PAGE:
Senate Amendment to H.R. 4007, Protecting and Securing Chemical Facilities from Terrorist Attacks Act of 2014

H.R. 4007

Protecting and Securing Chemical Facilities from Terrorist Attacks Act of 2014

Date
December 11, 2014 (113th Congress, 2nd Session)

Staff Contact
Communications

Floor Situation

On Thursday, December 11, 2014, the House will consider the Senate Amendment to H.R. 4007, the Protecting and Securing Chemical Facilities from Terrorist Attacks Act of 2014. H.R. 4007 was introduced on February 6, 2014 by Representative Pat Meehan (R-PA). H.R. 4007 passed the House on July 8, 2014 by voice vote. The Senate Committee on Homeland Security and Governmental Affairs ordered the bill to be reported with a substitute amendment on September 18, 2014. The bill was passed by unanimous consent in the Senate.

Bill Summary

Changes made to H.R. 4007 by the Senate amendment.

  • Authorization for the program is extend from three years to four years. (Funding remains unchanged).
  • Expedited Approvals Process. The Senate amendment creates an optional expedited approval program to provide faster approval of lower risk chemical facilities’ site security plans. Under the optional program, lower risk facilities may develop security plans based on prescriptive guidance developed by DHS. The language sets strict deadlines for participating in the program, and strict deadlines for DHS to evaluate expedited approval plans.
  • Limited Involvement of Facility Workers and Labor Representatives with Security Expertise. The Senate amendment allows minimum facility worker involvement in the site security planning process, limiting the involvement to only one facility worker (and one union representative where applicable), and requiring workers to have relevant security expertise – as determined by facility management.
  • Whistleblower Protections. The Senate amendment requires the Secretary to establish a procedure by which an employee or contractor of a chemical facility may submit a report regarding a violation of CFATS requirements, or a deficiency or vulnerability at a facility that is associated with the risk of a terrorist incident. The amendment also provides due process protections for industry, providing for notice with specificity and an opportunity for review.  Additionally, an order will terminate automatically if the Secretary fails to respond within the allotted timeframe.  Final agency action on an emergency order provides a facility the right to appeal the Secretary’s emergency order in federal court.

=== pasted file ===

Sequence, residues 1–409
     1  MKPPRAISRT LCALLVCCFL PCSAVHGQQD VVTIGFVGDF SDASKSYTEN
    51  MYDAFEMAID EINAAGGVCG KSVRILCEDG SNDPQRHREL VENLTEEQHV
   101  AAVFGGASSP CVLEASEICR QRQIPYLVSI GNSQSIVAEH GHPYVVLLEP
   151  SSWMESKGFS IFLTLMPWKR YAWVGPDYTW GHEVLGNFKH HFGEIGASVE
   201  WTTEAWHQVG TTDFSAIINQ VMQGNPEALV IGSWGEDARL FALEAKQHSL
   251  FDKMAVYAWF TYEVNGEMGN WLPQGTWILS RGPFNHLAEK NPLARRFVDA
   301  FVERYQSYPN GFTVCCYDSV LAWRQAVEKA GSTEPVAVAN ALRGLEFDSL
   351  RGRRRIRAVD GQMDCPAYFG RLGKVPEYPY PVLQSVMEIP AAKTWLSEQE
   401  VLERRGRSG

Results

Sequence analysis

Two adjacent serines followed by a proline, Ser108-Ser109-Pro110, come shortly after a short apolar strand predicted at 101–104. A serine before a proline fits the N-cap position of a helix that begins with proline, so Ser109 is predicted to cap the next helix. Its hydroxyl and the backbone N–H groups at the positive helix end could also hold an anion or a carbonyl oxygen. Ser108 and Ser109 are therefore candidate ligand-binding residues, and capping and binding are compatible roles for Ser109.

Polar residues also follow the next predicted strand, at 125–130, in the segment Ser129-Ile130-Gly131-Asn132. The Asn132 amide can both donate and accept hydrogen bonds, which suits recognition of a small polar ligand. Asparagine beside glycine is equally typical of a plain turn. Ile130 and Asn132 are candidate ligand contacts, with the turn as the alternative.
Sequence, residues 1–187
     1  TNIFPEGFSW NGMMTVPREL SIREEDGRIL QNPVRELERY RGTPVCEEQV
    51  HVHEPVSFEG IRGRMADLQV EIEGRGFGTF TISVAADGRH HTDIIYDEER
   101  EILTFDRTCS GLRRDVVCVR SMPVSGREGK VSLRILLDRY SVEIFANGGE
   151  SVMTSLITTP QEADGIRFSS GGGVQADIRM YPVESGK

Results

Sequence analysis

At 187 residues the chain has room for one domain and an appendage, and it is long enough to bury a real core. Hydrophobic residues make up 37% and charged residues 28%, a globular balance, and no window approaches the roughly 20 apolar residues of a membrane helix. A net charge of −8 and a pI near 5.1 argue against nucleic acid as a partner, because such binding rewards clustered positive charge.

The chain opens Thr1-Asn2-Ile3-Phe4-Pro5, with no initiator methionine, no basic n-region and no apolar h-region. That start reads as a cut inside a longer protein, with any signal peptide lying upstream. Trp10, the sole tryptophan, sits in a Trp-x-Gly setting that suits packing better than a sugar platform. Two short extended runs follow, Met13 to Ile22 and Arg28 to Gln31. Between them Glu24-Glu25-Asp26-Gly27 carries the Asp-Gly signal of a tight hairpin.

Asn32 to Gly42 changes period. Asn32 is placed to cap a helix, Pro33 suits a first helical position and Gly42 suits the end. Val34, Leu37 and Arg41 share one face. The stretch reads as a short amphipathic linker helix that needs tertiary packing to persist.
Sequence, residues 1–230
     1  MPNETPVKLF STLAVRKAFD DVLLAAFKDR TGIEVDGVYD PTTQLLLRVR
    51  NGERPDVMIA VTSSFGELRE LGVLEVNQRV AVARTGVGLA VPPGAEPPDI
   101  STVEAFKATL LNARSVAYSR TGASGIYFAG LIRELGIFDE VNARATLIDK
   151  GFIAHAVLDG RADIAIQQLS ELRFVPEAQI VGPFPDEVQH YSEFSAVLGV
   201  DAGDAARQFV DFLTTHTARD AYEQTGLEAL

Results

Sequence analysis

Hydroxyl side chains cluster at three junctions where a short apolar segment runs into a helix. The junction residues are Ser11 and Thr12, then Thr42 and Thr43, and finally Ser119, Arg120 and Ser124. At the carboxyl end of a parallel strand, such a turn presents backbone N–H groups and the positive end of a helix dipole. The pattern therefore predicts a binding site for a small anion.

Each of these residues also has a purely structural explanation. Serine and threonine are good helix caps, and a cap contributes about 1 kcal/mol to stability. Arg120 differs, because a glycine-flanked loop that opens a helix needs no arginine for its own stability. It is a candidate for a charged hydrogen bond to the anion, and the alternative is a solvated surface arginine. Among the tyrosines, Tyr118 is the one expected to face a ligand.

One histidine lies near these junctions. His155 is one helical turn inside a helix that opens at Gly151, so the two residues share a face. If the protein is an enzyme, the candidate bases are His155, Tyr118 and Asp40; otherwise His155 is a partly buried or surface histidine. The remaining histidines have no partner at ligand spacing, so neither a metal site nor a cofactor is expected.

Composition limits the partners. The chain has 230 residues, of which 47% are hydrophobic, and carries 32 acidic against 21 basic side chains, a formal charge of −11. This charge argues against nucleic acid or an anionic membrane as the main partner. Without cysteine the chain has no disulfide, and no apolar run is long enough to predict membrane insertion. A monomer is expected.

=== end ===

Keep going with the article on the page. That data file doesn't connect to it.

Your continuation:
• Emergency Shutdown Authority. The Senate amendment makes clear that the Secretary can issue an immediate emergency order if the risk of a terrorist incident creates an “imminent threat.” The use of emergency orders is limited to the extent necessary to abate an imminent threat. The change also provides due process to protect facilities from the Secretary abusing the emergency order authority and provides administrative and judicial relief in case of disagreement. A final agency action on an emergency order would provide a facility the right to appeal the Secretary’s emergency order in federal court.

Background

A summary of H.R. 4007 can be found here.

Cost

“Based on amounts requested for the CFATS in fiscal year 2015 as well as information from DHS, CBO estimates that continued implementation of CFATS would require appropriations of $87 million in 2015 and slightly higher amounts in fiscal years 2016 through 2018 after accounting for the effects of inflation. Assuming appropriation of the estimated amounts, CBO estimates that implementing H.R. 4007 would result in outlays of $349 million over the 2015-2019 period.”[1]

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[1] http://www.cbo.gov/publication/45704

Additional Information

For questions or further information contact the GOP Conference at 5-5107.